The Airborne Toxic Event - an Open Letter to Pitchfork

EDITORS NOTE: This was a long time coming. It's about time that hard-working artists and upstart labels started standing up to the ultra-arrogant Pitchfork... and their uber self-absorbed culture of idiocy. Tonight, we received an open letter addressed to those writers from The Toxic Airborne Event. (The letter is addressed directly to Pitchfork reviewer Ian Cohen.)

For those who might not know, The Toxic Airborne Event are a promising act out of Los Angeles who have - (predictably) been made to inexplicably suffer the slings and arrows of yet another Pitchfork slash and burn piece. It's hard to understand the rationale of why such a quality act would be relegated to a scalding 1.6 grade from Pitchfork while more trashy acts with very little originality have scored much more highly with their writers.

Is the art of "the honest review" lost...? The goal of criticism should not be wrapped up in one's latent nastiness. Reviews should not serve as a platform for the reviewer's regular exposition proving their elitist ego-centrism... Criticism may include those things if it is absolutely required. But negativity and snark need not be the start and ending point of every piece. One is left wondering where it was that Pitchfork lost it's way.

Reviews from America's Worst Music Journalists.
Ripping apart pretty decent projects...
The Airborne Toxic Event - 1.6
Soundteam - 3.7
Cold War Kids - 5.0
Black Kids - 3.3 (no words)
The Dandy Warhols - 3.3
Death From Above 1979 - 0.5
Nada Surf - 3.8
Longwave - 3.7
Belle and Sebastian - 0.8
Har Mar Superstar - 2.0
Ben Folds Five - 3.3
Let me know if I missed any good ones.

published (unedited) in its entirety

West Coast Avengers: The Airborne Toxic Event

Dear Ian,
Thanks for your review of our record. It's clear that you are a good writer and it's clear that you took a lot of time giving us a thorough slagging on the site. We are fans of Pitchfork. And it's fun to slag off bands. It's like a sport -- kind of part of the deal when you decide to be in a rock band. (That review of Jet where the monkey pees in his own mouth was about the funniest piece of band-slagging we've ever seen.)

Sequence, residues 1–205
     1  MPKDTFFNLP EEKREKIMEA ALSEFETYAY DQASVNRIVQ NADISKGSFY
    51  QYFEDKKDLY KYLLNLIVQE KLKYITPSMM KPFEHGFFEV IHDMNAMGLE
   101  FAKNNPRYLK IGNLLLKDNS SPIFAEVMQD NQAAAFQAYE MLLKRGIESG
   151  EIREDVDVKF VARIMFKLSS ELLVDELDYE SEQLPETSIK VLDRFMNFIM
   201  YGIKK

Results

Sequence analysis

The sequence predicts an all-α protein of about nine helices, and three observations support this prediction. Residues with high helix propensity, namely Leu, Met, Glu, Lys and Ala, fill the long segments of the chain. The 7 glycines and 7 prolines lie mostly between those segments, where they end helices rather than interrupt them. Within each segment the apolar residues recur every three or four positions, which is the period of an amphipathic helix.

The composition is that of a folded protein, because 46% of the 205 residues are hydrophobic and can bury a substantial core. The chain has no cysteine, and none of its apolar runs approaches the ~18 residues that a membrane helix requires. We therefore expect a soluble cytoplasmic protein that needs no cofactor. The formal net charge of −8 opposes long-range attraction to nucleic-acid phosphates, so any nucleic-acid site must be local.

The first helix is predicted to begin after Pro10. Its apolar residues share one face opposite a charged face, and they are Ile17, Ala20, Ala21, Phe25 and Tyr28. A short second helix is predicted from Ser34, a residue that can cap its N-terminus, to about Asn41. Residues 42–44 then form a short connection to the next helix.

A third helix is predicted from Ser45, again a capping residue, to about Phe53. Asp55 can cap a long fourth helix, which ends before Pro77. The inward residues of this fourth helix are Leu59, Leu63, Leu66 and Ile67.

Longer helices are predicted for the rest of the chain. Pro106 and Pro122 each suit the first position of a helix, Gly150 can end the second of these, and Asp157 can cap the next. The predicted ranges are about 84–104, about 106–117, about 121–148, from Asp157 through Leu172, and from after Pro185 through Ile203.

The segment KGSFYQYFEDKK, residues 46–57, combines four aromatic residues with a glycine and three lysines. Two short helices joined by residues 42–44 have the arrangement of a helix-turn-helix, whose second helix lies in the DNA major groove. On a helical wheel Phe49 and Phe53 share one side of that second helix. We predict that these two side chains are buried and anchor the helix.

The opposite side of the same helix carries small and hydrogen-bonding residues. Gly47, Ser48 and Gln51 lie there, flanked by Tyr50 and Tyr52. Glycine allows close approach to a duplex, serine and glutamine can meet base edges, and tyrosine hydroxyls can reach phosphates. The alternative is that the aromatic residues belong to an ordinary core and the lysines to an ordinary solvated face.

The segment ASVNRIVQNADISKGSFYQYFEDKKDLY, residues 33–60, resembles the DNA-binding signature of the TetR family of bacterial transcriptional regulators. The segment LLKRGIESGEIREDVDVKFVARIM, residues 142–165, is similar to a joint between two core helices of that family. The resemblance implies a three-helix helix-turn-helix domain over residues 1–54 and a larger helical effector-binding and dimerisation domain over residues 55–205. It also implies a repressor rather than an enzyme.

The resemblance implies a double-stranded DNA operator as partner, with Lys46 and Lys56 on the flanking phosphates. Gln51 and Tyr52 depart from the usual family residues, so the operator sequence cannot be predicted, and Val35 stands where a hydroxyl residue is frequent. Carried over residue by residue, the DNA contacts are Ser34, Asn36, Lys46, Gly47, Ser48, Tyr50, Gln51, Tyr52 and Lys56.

We decided a long time ago not to take reviews too seriously. For one, they tend to involve a whole lot of projection, generally saying more about the writer than the band. Sort of a musical Rorschach test. And for another, reading them makes you too damned self-conscious, like the world is looking over your shoulder when the truth is you're not a genius or a moron. You're just a person in a band.

Plus, the variation of opinions on our record has bordered on absurd. Most of what's been said has been positive, a few reviews have been on the fence and a few (such as yours) have been aggressively harsh. We tend not to put a lot of stock in this stuff, but the sheer disagreement of opinion makes for fascinating (if not a bit narcissistic) reading.

And anyway we have to admit that we found ourselves oddly flattered by your review. I mean, 1.6? That is not faint praise. That is not a humdrum slagging. That is serious fist-pounding, shoe-stomping anger. Many publications said this was among the best records of the year. You seem to think it's among the worst. That is so much better than faint praise.